Any advice on how I could get them to wait?

    Thank you

    1. Scottish Adviser Post author

      Hi Jennifer

      I am sorry to hear about your situation.

      I am assuming you are not working.

      In terms of Stirling Park, they could try and arrest your partner’s bank account if you don’t make any payments.

      This would mean any sums over the first £529.30 in his account could be arrested.

      If the sums in his account are below this amount, the arrestment would fail, however the bank could still apply a £25 charge.

      The cost of the bank arrestment would still be added to the debt that you owe.

      If he has sums over this amount, the full amount could be taken up to the amount owed.

      They can’t arrest his earnings as he has none, as he is self employed; but if they know who he is working for as a self-employed person, they could try and arrest any sums he is owed. The £529.30 minimum protection would not apply, so they could ask for the full amount he is owed to be paid over to them.

      If either of you own a car they can try and attach it, but if it is worth less than £3,000 and you have a reasonable requirement for it, it is protected. If it is subject to finance, like hire-purchase or a PCP agreement, it cannot be attached as you don’t own it.

      They also cannot come into your home without carrying out a more complex procedure called an Exceptional Attachment Order. Unless they have applied to the Court for this, there is no need to worry about it at present.

      So really whether you want to make a payment to them just now is up to you, but if you think any of these recovery actions could succeed and you could lose more than they are asking for, you may want to make the payment they are seeking and then seek advice.

      Alternatively, if you can’t make the payment, you may want to look at whether your husband should use a Statutory Moratorium, which can stop all Sheriff Officers action for six weeks.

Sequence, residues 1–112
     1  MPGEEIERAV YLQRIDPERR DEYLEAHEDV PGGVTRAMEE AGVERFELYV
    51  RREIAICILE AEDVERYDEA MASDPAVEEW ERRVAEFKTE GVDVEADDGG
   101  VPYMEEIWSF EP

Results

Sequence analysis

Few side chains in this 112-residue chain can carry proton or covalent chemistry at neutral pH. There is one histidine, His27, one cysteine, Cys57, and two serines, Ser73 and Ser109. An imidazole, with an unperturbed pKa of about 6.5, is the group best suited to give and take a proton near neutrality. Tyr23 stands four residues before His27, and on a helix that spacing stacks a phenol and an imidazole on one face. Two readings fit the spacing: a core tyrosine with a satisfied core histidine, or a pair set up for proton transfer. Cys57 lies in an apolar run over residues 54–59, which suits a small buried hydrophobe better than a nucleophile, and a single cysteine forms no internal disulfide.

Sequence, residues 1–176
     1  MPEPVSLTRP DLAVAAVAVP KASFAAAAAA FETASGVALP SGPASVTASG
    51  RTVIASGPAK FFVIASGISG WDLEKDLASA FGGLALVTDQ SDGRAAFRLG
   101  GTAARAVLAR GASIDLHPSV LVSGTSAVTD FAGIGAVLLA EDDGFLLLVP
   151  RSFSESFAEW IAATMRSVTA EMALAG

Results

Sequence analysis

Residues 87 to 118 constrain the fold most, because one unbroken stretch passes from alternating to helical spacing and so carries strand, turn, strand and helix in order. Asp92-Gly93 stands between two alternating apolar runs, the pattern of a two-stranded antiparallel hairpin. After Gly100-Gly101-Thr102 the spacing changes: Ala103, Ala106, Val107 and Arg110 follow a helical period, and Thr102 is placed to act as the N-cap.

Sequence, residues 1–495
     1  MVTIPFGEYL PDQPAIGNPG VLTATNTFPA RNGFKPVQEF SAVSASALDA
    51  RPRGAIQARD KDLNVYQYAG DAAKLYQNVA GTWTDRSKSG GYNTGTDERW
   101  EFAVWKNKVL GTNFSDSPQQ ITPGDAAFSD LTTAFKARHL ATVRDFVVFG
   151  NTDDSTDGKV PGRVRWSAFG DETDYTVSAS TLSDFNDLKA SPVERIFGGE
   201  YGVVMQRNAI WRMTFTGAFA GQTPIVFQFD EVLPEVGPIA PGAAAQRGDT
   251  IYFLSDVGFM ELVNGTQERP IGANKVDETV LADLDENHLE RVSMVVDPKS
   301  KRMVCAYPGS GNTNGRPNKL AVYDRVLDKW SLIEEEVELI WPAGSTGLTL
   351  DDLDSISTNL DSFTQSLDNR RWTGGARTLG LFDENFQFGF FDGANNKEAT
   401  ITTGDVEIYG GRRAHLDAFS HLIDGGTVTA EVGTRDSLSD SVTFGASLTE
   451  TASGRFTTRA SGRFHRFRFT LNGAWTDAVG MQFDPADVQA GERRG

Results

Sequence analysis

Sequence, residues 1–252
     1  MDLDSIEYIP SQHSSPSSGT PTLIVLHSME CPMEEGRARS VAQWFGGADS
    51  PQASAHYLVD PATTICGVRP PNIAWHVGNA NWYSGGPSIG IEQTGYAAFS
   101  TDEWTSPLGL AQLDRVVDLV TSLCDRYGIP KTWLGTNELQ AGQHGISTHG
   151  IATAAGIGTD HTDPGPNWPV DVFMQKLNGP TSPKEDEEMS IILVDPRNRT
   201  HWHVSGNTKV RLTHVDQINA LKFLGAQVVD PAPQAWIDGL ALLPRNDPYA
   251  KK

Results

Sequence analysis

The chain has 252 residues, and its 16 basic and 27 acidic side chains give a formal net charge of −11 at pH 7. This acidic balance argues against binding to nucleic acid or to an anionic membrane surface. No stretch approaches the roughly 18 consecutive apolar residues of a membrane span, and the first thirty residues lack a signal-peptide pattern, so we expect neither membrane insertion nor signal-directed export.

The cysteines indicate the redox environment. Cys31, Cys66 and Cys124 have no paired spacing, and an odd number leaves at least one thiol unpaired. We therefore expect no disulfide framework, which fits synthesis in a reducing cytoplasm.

However, before you do this, I would seek advice, as you can only use a moratorium once every 12 months.

      I would suggest going to your local Citizen Advice Bureau or Local Authority Money Advice Service and they can give you bespoke advice and assistance.

  2. James


    I have had a lot of money issues over past few years and it has been a long time since I have paid any council tax.

    I always got into debt with a catalogue company and have two officers at my door every day money to friday between 9 and 6.

    If I keep ignoring door will they end up kicking it.

    I’m pretty much house bound, due to anxiety and this is making life unbearable.

    I’m not sure what I should do to try and resolve this my benefits were cut over a year ago, so ever day is a struggle.

    I am not even sure how I’d begin to pay the money back. I am so scared.

    1. Scottish Adviser Post author

      Hi James

      I am sorry you are in this situation and feel so intimidated.

      Firstly, there is no need to be.

      No-one is going to kick your door in, least of all a Sheriff Officer, who is an Officer of the Court and heavily regulated.

      I am not sure if it is Sheriff Officers or debt collectors and as my page on Sheriff Officers explains they are very different things (see here).

      I would seriously urge you to contact your local Citizen Advice Bureau or Local Council and ask if they have a money adviser/debt counsellor you can speak to.

      It is likely this can be resolved quite easily with their help and it also sounds like you need your benefits checked to make sure you are getting everything you are entitled to.

      You can contact your local Citizen Advice Bureau here, or contact your local Council here.

      Ignoring a problem never fixes it and you cannot continue to live in fear.